In Armida’s palace garden, Almirena mourns her captivity. Argante joins her and, overcome by her beauty, confesses that he now loves her. He promises that as proof of his feelings he will defy Armida’s wrath and secure Almirena’s freedom. Meanwhile Rinaldo is brought before the triumphant Armida. As he demands that Almirena be set free, Armida finds herself drawn to his noble spirit, and declares her love. When he angrily rejects her she uses her powers to assume Almirena’s form, but Rinaldo suspects trickery, and departs. Armida, resuming her own appearance, is furious at her rejection yet retains feelings of tender love. She decides on another attempt to ensnare Rinaldo, and transforms herself back into Almirena’s shape, but then encounters Argante. Believing her to be Almirena, Argante repeats his earlier promises of love and freedom. Swiftly resuming her own form, Armida denounces his infidelity. and vows vengeance. Defiantly, Argante confirms his love for Almirena and declares that he needs Armida’s help no longer. She departs in a fury.
- Act 3
A mountainside, at the magician’s cavern. Goffredo and Eustazio are told by the Magician that Almirena is being held captive in Armida’s palace at the mountain-top. Ignoring the magician’s warning that they will need special powers, the pair set off for the palace but are quickly driven back by Armida’s monsters. The magician then gives them magic wands that transcend Armida’s power, and they set off again. This time they overcome the monsters, but as they reach the gates of the palace it disappears, leaving them clinging to a rock in the midst of a stormy sea. They climb the rock and descend out of sight.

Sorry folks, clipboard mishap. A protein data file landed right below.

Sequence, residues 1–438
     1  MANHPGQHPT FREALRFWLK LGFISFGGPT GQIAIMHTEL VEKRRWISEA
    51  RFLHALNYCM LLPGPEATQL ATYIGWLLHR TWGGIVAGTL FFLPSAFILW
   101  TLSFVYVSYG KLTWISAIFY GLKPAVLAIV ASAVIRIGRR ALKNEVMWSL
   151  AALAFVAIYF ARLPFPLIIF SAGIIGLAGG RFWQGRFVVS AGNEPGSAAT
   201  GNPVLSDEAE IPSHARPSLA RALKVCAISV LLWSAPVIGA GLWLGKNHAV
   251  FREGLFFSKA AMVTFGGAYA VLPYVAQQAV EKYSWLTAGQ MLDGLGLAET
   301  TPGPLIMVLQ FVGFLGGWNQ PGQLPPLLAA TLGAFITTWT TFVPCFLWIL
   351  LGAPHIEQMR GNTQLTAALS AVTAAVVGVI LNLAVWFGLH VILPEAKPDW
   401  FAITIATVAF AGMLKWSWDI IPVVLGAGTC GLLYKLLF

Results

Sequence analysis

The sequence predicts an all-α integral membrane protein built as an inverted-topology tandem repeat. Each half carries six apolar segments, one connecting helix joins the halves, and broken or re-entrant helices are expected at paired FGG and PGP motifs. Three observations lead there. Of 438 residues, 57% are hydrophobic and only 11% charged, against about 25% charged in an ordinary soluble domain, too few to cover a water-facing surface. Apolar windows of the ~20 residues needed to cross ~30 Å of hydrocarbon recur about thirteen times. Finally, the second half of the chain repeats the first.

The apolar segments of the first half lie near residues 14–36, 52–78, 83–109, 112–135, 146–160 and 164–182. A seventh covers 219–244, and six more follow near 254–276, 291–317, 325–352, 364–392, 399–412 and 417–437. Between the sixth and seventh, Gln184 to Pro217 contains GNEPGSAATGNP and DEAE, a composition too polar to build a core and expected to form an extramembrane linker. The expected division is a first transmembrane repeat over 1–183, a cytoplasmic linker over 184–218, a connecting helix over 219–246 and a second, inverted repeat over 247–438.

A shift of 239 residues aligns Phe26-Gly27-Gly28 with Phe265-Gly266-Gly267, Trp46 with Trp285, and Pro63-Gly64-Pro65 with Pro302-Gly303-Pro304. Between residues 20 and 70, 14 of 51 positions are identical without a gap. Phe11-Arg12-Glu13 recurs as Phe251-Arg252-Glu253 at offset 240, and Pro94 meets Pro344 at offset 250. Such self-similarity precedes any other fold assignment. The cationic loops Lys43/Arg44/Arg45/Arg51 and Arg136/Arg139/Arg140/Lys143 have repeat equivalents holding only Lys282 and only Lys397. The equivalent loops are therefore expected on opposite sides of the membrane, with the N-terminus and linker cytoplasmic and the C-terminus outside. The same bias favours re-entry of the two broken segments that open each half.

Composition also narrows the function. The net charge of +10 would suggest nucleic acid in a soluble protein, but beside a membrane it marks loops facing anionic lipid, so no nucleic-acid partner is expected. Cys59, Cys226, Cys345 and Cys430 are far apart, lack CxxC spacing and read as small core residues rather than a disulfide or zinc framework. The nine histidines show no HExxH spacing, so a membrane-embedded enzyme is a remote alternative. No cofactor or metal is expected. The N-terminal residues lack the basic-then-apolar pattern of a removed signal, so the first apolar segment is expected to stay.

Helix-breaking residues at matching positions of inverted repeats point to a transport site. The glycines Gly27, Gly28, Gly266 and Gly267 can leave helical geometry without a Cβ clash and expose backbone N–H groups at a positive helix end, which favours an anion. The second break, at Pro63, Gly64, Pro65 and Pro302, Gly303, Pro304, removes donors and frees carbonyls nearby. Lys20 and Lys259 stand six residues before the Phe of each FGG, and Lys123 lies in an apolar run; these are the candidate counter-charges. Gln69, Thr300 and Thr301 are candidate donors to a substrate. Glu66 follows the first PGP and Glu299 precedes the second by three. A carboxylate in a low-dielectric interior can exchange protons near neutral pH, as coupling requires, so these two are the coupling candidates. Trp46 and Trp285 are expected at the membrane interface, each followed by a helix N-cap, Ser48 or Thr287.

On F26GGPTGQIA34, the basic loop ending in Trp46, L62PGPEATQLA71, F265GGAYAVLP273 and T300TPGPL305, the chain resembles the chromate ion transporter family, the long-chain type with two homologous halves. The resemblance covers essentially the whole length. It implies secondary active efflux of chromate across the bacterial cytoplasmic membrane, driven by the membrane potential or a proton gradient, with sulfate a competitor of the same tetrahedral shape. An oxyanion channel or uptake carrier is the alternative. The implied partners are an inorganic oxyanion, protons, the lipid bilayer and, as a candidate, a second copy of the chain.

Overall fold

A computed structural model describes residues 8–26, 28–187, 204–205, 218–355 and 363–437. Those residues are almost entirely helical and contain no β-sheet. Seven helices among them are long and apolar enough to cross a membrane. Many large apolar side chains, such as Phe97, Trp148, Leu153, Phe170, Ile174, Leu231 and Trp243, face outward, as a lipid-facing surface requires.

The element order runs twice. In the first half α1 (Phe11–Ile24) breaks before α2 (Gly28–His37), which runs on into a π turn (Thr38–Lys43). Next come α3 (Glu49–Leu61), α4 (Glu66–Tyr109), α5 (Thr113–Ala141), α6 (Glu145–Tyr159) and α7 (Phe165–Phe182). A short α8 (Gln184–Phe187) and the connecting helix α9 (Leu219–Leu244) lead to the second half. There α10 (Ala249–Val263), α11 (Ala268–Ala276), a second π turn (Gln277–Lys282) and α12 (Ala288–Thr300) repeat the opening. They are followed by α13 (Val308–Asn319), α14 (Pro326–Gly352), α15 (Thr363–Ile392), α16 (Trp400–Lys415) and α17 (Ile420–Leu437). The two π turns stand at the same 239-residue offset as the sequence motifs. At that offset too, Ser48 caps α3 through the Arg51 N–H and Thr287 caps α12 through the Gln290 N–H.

In the palace garden Armida prepares to kill Almirena. Rinaldo draws his sword, but Armida is protected from his wrath by spirits. Suddenly Goffredo and Eustazio arrive, but as they touch the garden with their wands it disappears, leaving them all on an empty plain with the city of Jerusalem visible in the distance. Armida, after a last attempt to kill Almirena, also disappears as Rinaldo strikes her with his sword. The remaining four celebrate their reunion, while Goffredo announces that the attack on Jerusalem will begin the next day.
In the city, Argante and Armida, in danger from a common enemy, become reconciled and prepare their troops for battle. Goffredo’s army advances, and battle finally commences. After a struggle for supremacy, Jerusalem falls to Goffredo; Argante is overcome and captured by Rinaldo, while Armida is taken by Eustazio. Rinaldo and Almirena celebrate their love and forthcoming marriage. Armida, accepting her defeat, breaks the wand which is the source of her evil power and together with Argante embraces Christianity. Goffredo expresses his forgiveness to his beaten foes and sets them free, before victors and vanquished join in a chorus of reconciliation.
- Revisions, 1717 and 1731
The opera was frequently revised, most particularly in 1717 and in 1731; modern performances are usually a conflation of the versions available. Up to and including 1717, these changes had no significant effect on the plot. In the 1731 version, however, in Act 2 Armida imitates Almirena’s voice rather than assuming her appearance, and Argante declares his love to Almirena’s portrait rather than to her face. In Act 3 the marches and the battle scene are cut; Armida and Argante remain unrepentant and vanish in a chariot drawn by dragons before the conclusion